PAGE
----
Thursday, July 9, 2009

some questions about our economy / DIY / "natural" stuff

This morning a really big question occurred to me.

But first, the caveats: I'm not a historian. I'm just beginning to process this. I haven't done any research. But I'm hoping a conversation might help us along.

Here is my question: with much of the recent "go-green" movement, the call is back to a simpler, less fuel-guzzling, chemically-altered way of daily living. Reduce your carbon footprint: ditch the car when you can, and the gas lawn mower, and the dryer. Lose the creepy cleaning products, the funky solvents and so forth. Abandon overprocessed food products and "convenience" items with ingredients you can't pronounce and flavors manufactured in plants along the New Jersey Turnpike. Do as much as you can to buy local. Garden, too, even on your windowsills or fire escape! ( has picked up on several of these trends recently, including canning and urban gardening.)

Now, for the sake of full disclosure: Josh and I have a pitiful garden on our back "deck." I feel wonderful when I'm scrubbing something with baking soda instead of a weird and powerful chemical. I've given up buying cheap frozen pizzas, regardless of their extraordinary grad school convenience and thrift value. I make my own granola, or gobble up my friend Annie's. I walk all over the place. And I don't microwave plastic.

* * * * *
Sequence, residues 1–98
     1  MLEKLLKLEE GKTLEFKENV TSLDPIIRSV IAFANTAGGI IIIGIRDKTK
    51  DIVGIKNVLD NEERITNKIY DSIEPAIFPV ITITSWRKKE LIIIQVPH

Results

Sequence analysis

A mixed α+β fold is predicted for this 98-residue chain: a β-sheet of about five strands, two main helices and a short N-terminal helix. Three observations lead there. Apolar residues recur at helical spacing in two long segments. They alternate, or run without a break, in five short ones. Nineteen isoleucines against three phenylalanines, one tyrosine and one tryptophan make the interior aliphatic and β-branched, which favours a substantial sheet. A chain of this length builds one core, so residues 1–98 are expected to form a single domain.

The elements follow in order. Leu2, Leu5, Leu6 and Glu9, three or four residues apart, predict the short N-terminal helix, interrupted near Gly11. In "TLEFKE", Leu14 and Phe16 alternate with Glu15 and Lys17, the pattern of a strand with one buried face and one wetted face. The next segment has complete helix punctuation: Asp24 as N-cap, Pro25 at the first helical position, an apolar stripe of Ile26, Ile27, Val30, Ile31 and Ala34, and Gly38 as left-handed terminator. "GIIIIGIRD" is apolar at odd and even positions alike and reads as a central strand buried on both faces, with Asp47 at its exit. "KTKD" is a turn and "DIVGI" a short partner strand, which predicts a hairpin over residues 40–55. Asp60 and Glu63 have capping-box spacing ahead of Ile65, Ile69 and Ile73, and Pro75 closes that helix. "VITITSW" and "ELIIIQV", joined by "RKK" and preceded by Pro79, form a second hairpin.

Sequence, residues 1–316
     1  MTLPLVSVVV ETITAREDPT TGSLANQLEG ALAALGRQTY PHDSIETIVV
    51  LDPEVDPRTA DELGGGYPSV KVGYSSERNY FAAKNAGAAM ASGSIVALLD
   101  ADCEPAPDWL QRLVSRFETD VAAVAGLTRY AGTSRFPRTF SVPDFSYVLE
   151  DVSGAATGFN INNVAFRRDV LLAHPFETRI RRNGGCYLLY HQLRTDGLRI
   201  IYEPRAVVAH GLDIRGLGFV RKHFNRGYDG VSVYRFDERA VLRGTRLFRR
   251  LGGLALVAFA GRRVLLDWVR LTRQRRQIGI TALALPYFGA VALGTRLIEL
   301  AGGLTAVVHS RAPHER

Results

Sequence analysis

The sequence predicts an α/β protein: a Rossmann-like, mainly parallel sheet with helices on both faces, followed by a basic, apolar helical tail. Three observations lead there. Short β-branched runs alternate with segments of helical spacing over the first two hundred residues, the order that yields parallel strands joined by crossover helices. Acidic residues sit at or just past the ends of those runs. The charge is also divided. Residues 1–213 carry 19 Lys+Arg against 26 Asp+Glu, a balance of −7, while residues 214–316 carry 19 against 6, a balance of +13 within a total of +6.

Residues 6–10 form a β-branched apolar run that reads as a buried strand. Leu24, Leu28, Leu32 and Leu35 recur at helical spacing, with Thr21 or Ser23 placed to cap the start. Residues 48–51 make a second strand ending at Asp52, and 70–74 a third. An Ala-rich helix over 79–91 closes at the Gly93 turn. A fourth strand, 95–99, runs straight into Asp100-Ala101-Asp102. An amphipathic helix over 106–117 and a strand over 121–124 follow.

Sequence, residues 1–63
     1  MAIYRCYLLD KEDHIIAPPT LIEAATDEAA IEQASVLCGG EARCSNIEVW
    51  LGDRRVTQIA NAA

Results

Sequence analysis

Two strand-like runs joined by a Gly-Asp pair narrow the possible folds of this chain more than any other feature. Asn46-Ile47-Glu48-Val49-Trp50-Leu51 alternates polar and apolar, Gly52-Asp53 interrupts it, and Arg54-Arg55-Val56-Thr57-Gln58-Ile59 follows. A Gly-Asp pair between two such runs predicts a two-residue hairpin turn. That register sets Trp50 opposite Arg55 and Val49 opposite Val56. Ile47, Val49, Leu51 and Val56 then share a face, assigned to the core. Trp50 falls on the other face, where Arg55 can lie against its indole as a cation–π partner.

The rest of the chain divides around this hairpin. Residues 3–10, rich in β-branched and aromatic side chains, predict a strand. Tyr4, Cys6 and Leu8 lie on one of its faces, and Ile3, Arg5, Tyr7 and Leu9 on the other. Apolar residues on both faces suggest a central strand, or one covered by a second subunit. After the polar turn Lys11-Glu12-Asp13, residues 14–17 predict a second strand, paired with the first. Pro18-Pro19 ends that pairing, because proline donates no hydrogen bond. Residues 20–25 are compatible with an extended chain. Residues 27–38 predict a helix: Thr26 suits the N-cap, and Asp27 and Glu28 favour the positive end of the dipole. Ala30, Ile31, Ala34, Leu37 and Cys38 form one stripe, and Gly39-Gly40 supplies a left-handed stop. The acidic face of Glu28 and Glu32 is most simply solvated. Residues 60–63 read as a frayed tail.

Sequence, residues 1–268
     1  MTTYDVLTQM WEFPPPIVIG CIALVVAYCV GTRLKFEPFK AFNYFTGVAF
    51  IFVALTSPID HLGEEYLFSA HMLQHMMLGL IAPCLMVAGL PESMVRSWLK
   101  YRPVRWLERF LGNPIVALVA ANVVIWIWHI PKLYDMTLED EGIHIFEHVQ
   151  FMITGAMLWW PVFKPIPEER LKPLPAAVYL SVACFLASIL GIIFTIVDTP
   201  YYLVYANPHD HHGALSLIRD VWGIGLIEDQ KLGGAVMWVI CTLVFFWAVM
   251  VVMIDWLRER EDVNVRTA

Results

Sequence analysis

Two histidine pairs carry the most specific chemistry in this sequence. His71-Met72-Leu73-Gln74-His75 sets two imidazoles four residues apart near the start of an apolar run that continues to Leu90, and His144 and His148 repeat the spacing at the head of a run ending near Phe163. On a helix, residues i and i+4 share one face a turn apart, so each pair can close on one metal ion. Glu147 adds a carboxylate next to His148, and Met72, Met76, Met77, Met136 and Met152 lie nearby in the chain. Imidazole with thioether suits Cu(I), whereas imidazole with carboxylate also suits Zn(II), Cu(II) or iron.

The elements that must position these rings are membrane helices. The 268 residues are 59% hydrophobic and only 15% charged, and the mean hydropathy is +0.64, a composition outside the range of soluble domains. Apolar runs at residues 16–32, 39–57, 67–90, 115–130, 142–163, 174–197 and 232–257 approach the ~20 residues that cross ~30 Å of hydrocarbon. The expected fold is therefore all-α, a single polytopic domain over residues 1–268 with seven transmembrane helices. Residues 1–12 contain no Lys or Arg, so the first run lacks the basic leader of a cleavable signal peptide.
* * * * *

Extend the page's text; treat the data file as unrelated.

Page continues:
But what occurred to me this morning was that all these things take much more time. Cooking from scratch takes time (serious time). Scrubbing something with elbow grease takes time (washing a floor with diluted vinegar, too, especially since its acidity doesn't pack the same punch as a bottle of Mr Clean, as far as I can tell). Walking or taking a bus takes more time than driving the car. Sweeping takes more time than using an electric vacuum.

And then it occurred to me that many of these inventions have come about within the last century, and that one major shift that they allowed for was the decline of domestic help in middle class families and the rise of two-income homes. Back in the day (by which I really do mean just 100 years ago), many solidly middle class families employed "help," because cleaning and cooking and laundry were tasks that really did take up full days of work. And families that did not employ help typically had one individual (read: the man) out at some work and one individual (read: the woman) working full time at home to keep the house running. Children tended to help in those instances, especially girl children.